Washington state man received banner from friend, but was unaware of its importance
Brian Browne turned it in after seeing television documentary
For eight years, Brian Browne preserved an American flag in a storage trunk and the freezer of his Everett, Washington, home – unaware it was a piece of history.
The unknown treasure was the iconic flag that three New York City firefighters hoisted above the ruins of the World Trade Center after the 9/11 attacks – a defiant act captured in an indelible newspaper photo. The flag disappeared, but resurfaced in 2014 in Everett.
The man who returned it to a local fire station only said then that he was once a Marine, and his name was “Brian.” Then he left.
Browne, 46, a flag collector, is revealing himself and the tale of how the flag, which was wrapped in a grocery paper bag, ended up in his possession, nearly 2,900 miles away.
Everett police confirmed Browne’s identity on Tuesday.
“It’s just about being a good Samaritan. If something doesn’t belong to you, you give it back,” Browne said in a phone interview Wednesday from Washington.
He told CNN affiliate KIRO in Seattle: “It’s from hallowed ground ….”
Last month, the flag was displayed near the entrance of the National September 11 Memorial and Museum, built on the site of ground zero. The flag was believed to have been “either, misplaced, stolen or secreted away by unknown forces in the chaos of ground zero,” according to Michael Tucker, who produced, wrote and directed the 2013 CNN film “The Flag,” with his wife, Petra Epperlein.
Consider the tale of the missing flag now solved.
In 2004, an unidentified woman brought several flags and military items back to Washington state from New York City after her husband’s death from either pneumonia or some other lung ailment, Browne told Everett police, according to a police report. Her husband may have been a New York City employee, police said.
Two years later, the woman gave the items to a couple in Washington, who passed them along to Browne’s friend, who also lived in Washington.
Around Veterans Day in 2006, Browne’s friend gave him two flags, which included the 9/11 flag, in a bag with “9/11/2001 flags” written on a 1 ½ inch masking tape.
“It was about the size of a big burrito and it had the ropes wrapped around really super tight, like it’s been that way for super long time,” Browne, who owns a landscape design and irrigation company, told KIRO.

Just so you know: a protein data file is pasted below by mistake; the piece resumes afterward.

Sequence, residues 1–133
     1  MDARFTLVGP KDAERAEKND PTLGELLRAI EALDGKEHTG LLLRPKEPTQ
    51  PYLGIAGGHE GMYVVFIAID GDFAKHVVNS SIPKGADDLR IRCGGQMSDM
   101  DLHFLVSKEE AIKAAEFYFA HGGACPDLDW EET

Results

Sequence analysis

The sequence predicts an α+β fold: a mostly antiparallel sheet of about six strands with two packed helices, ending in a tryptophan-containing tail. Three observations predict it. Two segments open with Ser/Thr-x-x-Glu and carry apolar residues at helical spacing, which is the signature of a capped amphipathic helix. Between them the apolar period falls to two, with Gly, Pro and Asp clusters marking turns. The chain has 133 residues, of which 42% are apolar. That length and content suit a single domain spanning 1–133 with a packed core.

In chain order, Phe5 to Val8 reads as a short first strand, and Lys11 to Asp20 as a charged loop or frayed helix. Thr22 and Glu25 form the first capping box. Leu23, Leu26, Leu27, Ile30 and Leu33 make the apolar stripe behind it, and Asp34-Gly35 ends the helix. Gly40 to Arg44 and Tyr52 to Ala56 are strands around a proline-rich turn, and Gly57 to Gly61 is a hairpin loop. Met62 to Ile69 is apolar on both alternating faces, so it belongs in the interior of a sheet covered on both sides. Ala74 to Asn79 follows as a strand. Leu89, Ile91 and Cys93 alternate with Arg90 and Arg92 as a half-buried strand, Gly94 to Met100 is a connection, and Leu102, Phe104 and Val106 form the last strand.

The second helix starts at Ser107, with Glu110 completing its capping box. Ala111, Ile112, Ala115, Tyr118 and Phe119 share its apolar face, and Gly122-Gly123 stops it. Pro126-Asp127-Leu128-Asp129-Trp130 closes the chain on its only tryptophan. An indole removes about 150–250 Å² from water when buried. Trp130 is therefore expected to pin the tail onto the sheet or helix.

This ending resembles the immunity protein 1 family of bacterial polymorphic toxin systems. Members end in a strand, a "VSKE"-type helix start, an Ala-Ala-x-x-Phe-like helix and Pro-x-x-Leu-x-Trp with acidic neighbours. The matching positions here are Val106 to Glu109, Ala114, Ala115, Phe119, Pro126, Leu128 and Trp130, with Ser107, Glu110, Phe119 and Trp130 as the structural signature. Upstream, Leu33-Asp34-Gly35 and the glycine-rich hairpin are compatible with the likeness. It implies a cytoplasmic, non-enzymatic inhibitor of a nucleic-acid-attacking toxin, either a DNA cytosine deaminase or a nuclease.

The iconic 3 feet x 5 feet flag had all the hardware still intact and was clipped to the grommets, Browne wrote in a letter to police.
He put it in a bag and kept it in a storage trunk for six years, he said. Then he transferred it to a freezer bag and stored it in the freezer for the past two years to better preserve it, he said.
In November 2014, he saw a documentary on the History channel that referenced the missing 9/11 flag, with black electrical tape on the flag’s halyard and a small U-shape metal piece on the lower grommet.
“I had that sickening feeling inside that this flag must be the one,” he wrote in his letter to police. “It also had a burnt rubber/cement smell to it and a very strong energy about it, like a battle flag,”
Browne turned it into the Everett fire department, where his suspicions were confirmed. “I told them, I just wanted it to be given back to the people of New York City and its rightful owner,” Browne wrote.
He didn’t want any publicity, police said then. But Everett detectives wanted to find him and released a sketch in a local newspaper.
Forensic tests later matched the flag.
As this year’s Sept. 11 commemoration neared, Browne saw news reports in Washington that the flag had been found in Everett. He said he came forward to “fill in the blanks and put it in the historical record” of how the flag ended up in his possession.
“It’s a happy accident,” he said.
Iconic flags in this nation’s history, such as the flag that flew over Fort McHenry during the War of 1812, were beacons, with their own story, said Browne.
“This flag is one of those type of flags, and it will have a story behind it now,” he said.
CNN’s Deborah Feyerick contributed to this report.